Indeed, many Israelis argue that relinquishing those villages—now contiguous neighborhoods of the city—would not constitute a division of Jerusalem at all. The Movement for Saving Jewish Jerusalem, founded by several former legislators and ministers, argues that most of these villages were never historically part of Jerusalem—and calls for transferring most of them to the Palestinian Authority, while retaining the Old City and the surrounding Holy Basin. The Commanders for Israel’s Security, a group backed by former premier Ehud Barak, calls for Israel to unilaterally transfer these suburbs to a new “umbrella municipal authority,” retaining control on a provisional basis only until they can become part of Palestine in a permanent accord. It argues that “East Jerusalem” is only the 6 square kilometers of the Old City and its immediate environs, while the surrounding 70 square-kilometer envelope was never part of historical Jerusalem.
In light of this, what could be behind Netanyahu’s decision to repeat the carefully scripted and nuanced pledge to keep the Temple Mount and Western Wall under Israeli sovereignty, when invoking the perennial vow to keep Jerusalem united would have been more straightforward—and more consistent with previous policy?
One answer is: Trump. The unpredictable American President is serious about brokering the “ultimate deal”—a diplomatic Holy Grail that he will only covet more intensely as his domestic woes intensify. As former U.S. Ambassador to Israel Dan Shapiro warned in Haaretz, Trump has leverage over both Israelis and Palestinians, and “neither will want to get caught saying no to him.” Toning down the rhetoric on the eternal unity of Jerusalem—a non-starter for serious final-status negotiations—could signal willingness to negotiate on all the core issues in good faith. The White House claims that “President Abbas noted that he was ready to begin negotiating immediately,” and i24NEWS reports the Trump Administration has proposed a direct meeting between the leaders for as early as July.
More immediately, however, the Israeli government is reportedly considering a plan to cede certain Palestinian neighborhoods of East Jerusalem. Israel’s Channel 10 has just reported that Israel’s National Security Council—a department of the Prime Minister’s Office—is exploring a “secret” plan to exclude Kafr Aqb and the Shuafat Refugee Camp from Jerusalem’s municipal borders. The plan would place both areas—already on the “wrong” side of the Security Barrier—under an independent local council. They would still be considered part of Israel—just not part of Jerusalem. It is unclear whether this plan is connected to a detailed initiative presented to the Prime Minister months ago by Likud legislator Anat Berko to sever Arab neighborhoods from the Jerusalem municipality. According to the Jerusalem Post, not only did Netanyahu not dismiss the plan out of hand, he asked to retain a copy of the map and that Berko not reveal it to the media. Diplomatic sources privy to Netanyahu’s recent discussions with President Trump, continued the report, said that both Jerusalem and Washington have proposed transferring municipal responsibility for some of these areas to the Palestinians.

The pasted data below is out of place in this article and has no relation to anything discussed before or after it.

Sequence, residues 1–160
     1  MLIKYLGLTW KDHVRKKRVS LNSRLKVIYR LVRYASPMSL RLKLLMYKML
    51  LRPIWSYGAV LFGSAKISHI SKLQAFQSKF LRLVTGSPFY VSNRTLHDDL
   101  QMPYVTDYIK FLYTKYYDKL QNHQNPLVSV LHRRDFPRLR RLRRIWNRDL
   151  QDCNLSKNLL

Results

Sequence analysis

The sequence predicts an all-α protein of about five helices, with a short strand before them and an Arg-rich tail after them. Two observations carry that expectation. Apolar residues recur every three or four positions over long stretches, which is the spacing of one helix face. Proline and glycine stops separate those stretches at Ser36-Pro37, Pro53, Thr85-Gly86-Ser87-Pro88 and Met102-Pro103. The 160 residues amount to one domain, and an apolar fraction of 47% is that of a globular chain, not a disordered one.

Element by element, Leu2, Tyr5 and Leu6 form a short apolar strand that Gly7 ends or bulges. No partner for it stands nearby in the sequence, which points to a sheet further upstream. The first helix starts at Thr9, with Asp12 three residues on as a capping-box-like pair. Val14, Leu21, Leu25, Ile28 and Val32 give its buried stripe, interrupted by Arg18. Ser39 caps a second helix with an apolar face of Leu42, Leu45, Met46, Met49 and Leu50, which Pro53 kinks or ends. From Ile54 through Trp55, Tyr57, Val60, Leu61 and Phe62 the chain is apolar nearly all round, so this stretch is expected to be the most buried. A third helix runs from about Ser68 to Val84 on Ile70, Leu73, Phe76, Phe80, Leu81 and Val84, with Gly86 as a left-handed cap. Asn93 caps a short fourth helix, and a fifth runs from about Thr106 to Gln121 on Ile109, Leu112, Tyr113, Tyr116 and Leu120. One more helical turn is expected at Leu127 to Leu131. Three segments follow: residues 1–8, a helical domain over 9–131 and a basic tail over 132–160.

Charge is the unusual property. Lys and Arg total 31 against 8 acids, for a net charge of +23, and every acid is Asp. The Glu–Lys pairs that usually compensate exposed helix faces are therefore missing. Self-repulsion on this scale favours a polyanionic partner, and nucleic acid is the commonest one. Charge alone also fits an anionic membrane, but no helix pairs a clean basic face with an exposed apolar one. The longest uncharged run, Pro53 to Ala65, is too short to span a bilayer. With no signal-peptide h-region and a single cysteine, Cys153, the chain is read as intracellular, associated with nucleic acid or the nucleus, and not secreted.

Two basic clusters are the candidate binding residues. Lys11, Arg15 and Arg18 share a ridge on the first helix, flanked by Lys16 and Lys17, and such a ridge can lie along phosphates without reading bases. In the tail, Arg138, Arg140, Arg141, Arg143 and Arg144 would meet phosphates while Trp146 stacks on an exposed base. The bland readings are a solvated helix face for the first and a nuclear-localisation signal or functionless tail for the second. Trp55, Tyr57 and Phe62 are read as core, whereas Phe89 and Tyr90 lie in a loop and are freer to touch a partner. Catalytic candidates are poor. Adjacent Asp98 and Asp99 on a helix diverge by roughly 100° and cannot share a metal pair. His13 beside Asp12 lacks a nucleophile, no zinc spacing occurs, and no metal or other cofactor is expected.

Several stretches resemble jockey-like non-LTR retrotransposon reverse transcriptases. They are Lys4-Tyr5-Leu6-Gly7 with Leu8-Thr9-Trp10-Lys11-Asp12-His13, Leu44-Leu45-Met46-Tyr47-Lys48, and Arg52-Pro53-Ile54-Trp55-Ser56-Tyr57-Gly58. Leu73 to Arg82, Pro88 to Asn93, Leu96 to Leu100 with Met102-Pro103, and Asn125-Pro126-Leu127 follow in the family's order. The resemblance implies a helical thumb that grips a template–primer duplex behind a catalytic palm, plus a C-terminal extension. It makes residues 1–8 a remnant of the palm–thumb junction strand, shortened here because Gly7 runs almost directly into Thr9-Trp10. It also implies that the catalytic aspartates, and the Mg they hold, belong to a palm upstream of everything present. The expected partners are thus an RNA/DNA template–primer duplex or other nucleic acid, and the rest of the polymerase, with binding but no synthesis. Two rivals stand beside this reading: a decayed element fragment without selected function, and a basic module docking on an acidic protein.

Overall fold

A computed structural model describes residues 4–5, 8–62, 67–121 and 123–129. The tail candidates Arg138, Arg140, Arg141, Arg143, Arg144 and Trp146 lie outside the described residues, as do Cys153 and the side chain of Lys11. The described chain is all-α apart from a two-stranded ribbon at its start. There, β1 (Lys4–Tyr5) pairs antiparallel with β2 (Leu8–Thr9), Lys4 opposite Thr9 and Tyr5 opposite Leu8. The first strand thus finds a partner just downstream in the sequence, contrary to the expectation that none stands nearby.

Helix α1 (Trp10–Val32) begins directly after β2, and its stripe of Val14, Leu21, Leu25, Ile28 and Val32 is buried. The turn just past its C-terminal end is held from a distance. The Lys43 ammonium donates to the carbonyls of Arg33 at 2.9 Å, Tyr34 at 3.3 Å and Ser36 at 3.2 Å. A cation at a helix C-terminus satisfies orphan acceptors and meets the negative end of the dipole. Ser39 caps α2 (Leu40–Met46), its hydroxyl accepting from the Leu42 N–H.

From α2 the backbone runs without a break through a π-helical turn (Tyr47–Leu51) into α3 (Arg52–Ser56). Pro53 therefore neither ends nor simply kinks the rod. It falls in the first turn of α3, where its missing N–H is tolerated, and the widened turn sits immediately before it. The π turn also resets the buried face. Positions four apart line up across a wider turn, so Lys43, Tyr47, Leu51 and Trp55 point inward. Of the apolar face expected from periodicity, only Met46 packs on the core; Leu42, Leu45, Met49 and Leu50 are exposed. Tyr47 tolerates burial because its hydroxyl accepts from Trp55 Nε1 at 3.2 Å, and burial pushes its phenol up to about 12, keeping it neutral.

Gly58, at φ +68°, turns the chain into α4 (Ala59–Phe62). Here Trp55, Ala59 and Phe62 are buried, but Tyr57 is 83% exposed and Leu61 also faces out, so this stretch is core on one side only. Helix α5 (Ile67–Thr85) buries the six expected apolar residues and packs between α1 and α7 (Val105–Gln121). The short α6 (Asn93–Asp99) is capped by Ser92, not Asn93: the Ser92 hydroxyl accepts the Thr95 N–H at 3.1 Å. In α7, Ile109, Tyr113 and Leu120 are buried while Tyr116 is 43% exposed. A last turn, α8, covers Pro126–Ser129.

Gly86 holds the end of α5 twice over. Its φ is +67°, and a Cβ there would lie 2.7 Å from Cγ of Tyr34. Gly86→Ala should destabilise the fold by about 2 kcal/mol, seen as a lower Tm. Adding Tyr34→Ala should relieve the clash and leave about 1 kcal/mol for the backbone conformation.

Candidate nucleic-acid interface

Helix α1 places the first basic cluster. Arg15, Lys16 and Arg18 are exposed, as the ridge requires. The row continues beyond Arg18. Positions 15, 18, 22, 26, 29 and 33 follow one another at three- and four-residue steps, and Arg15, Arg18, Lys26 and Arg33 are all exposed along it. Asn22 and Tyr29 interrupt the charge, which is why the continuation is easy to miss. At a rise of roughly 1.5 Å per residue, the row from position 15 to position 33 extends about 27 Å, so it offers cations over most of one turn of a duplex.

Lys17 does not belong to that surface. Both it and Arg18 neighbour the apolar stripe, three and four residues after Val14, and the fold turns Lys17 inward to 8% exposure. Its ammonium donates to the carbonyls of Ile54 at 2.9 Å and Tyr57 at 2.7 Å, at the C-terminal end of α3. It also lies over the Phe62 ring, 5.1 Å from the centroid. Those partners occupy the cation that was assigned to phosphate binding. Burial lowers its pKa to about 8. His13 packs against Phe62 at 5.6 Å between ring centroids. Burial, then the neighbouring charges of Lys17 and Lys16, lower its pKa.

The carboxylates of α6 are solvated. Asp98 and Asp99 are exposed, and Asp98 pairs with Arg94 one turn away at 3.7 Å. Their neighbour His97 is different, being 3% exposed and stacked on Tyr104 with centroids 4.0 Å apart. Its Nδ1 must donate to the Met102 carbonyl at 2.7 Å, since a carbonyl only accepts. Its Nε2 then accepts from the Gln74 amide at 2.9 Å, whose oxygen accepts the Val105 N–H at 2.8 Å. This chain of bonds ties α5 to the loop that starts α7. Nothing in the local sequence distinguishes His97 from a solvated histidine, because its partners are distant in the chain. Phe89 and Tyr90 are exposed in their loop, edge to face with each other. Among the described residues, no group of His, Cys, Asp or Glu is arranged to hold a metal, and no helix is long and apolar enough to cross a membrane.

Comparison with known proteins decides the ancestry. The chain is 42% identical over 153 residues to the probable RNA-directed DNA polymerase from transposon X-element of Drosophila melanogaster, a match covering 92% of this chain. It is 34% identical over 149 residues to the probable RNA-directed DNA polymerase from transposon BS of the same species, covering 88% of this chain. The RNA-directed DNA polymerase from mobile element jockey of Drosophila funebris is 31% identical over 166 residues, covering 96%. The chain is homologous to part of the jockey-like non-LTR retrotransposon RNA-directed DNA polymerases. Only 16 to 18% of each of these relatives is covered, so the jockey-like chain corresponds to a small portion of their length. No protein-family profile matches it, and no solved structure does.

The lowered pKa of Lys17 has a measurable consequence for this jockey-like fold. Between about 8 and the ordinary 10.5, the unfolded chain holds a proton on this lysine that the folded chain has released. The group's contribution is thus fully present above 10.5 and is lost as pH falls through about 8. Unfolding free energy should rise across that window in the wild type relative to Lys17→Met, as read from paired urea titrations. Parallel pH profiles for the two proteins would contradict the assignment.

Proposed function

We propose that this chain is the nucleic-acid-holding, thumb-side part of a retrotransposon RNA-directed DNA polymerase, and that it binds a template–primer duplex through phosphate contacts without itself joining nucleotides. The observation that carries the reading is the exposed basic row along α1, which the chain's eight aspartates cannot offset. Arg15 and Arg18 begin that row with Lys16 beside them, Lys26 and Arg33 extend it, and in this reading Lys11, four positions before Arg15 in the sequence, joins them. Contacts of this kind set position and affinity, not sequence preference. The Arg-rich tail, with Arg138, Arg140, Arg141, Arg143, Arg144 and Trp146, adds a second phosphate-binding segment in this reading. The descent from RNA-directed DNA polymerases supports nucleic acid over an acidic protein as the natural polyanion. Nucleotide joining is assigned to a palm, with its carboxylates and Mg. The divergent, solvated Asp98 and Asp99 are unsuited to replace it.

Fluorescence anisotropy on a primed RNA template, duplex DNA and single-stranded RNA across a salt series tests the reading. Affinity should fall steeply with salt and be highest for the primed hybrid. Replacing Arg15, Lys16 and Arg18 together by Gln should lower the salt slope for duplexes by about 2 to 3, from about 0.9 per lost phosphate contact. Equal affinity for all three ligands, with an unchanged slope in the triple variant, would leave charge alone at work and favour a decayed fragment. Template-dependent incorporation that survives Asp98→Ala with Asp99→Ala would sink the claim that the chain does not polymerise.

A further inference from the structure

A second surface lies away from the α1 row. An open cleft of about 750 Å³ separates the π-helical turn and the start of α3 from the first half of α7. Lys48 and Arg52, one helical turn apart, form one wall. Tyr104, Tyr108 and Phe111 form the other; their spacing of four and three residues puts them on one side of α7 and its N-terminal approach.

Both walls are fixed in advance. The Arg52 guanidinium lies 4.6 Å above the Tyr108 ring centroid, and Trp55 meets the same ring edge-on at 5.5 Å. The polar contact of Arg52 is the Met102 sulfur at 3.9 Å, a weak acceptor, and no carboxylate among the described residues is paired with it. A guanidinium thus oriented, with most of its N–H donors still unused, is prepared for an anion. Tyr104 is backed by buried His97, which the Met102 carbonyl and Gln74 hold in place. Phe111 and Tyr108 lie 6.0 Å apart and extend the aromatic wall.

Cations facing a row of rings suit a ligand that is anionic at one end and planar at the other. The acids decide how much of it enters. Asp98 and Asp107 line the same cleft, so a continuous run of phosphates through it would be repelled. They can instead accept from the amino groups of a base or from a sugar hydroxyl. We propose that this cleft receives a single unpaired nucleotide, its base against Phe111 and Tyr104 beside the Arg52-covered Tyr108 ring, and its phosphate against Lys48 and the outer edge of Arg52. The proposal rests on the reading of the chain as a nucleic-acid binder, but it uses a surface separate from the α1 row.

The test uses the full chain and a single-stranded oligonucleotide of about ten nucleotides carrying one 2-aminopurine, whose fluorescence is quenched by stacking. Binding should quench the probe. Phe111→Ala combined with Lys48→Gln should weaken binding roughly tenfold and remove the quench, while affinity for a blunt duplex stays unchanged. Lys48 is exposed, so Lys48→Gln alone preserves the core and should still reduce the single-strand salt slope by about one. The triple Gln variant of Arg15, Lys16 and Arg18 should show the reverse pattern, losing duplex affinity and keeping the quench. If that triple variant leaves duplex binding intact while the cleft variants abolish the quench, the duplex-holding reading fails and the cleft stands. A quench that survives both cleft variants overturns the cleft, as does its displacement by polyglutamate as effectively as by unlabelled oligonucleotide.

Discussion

The fact that Netanyahu repeated the same phrase verbatim in three speeches suggests the wording was no coincidence. The reports of plans to relinquish control over certain Arab neighborhoods of East Jerusalem suggest the timing appears to be no coincidence either. The Israeli government has zero interest in dividing the core of Jerusalem, or abandoning the Temple Mount and Western Wall. But as for stepping away from formal responsibility for Kafr Aqb, the Shuafat Refugee Camp, and similar neighborhoods—Netanyahu has just very subtly kicked the door slightly ajar.